The IRS spent $50 million on conferences for employees between 2010 and 2012, according to a report set for publication on Tuesday.
The money is part of the latest embarrassment for the Internal Revenue Service, which is already under attack for its targeting of conservative groups seeking tax-exempt status in the 2012 election. The agency’s Cincinnati office was responsible for isolating groups with certain key phrases in their description, and subjecting them to additional paperwork in the efforts to become tax-exempt.
A conference in August 2010 cost the agency $4 million, after failing to negotiate lower room rates; a practice common to the government when it frequents hotels for such events.
Moreover, the agency brought in $135,000 worth of speakers, including a “leadership through art” speaker for $17,000, and distributed baseball tickets and Presidential suites to employees which cost up to $3,500 per night.
The IRS has been backpedaling further since this scandal became news, with agency spokeswoman Michelle Eldridge defending the embattled agency, pointing to the fact that spending fell by over $30 million from 2010 to 2012.
Even with Congress investigating the IRS’s spending habits, the earlier scandal is still deepening, with Rep. Darrell Issa (R-Calif.) heading the efforts. The California Republican has bolstered his rhetoric this week, claiming that the low-level employees were “being directly ordered by Washington,” and that White House Press Secretary Jay Carney is a “paid liar.” According to Issa, “the administration is still trying to say there’s a few rogue agents in Cincinnati, when in fact the indication is they were directly being ordered from Washington.”
Excerpts from interviews led by Issa show that several IRS employees in Cincinnati were skeptical about Lois Lerner and the White House’s claims that the discriminatory practice began without direction from the IRS headquarters in Washington. One claimed that they were instructed by Washington to collect additional reports on conservative groups and that by early 2010, seven cases were sent to Washington.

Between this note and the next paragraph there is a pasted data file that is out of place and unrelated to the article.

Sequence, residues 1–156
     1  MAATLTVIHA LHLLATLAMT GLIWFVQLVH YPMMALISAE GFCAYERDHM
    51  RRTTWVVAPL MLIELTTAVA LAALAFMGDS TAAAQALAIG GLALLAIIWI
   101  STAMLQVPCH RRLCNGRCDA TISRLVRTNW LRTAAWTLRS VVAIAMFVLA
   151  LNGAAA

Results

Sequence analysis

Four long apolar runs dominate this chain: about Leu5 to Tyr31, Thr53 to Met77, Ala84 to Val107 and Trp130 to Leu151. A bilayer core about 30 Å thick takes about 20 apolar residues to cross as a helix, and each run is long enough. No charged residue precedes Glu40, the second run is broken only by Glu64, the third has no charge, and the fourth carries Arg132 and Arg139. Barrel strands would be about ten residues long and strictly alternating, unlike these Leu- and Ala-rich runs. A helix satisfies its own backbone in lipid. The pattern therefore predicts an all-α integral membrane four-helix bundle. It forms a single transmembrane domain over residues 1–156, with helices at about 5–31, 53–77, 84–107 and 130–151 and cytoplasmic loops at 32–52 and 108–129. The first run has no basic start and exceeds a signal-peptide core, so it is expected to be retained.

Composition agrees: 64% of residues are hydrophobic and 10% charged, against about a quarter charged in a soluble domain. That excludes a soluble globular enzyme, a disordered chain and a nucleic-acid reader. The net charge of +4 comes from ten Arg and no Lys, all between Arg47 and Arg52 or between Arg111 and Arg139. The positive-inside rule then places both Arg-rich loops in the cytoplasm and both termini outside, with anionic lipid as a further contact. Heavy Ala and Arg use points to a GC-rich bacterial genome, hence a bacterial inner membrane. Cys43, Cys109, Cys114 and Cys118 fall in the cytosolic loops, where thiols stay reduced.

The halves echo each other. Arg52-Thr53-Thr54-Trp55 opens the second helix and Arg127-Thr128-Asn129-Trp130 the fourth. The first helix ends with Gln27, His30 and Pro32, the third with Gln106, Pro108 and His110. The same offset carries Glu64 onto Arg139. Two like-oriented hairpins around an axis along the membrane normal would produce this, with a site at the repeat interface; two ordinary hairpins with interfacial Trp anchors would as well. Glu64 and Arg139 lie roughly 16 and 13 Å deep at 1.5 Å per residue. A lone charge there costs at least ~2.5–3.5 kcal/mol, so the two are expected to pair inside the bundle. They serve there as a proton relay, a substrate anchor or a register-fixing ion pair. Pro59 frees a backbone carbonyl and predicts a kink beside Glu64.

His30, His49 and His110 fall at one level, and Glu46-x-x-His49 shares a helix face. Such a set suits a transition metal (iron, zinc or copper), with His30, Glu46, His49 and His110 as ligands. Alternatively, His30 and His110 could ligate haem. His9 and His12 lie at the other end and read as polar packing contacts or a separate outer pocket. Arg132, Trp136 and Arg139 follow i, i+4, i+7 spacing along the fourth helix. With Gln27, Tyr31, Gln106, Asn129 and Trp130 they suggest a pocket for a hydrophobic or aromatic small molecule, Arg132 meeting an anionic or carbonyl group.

In May, knowledge of the behavior became public when a report by the Treasury inspector general found that the Cincinnati office was searching for tax-exempt applications by tea party and conservative groups in targeting groups that could have been violating their obligation to promote welfare. Groups applying for 501c(4) status are not allowed to engage primarily in election related activities.
While the report claimed “ineffective management” as a reason for the practice, nothing in it has pointed to Washington as directing Cincinnati employees to target specific groups.
Acting commissioner, Danny Werfel, has since offered an apology for the excess conference spending, saying that, “This conference is an unfortunate vestige from a prior era. While there were legitimate reasons for holding the meeting, many of the expenses associated with it were inappropriate and should not have occurred.”
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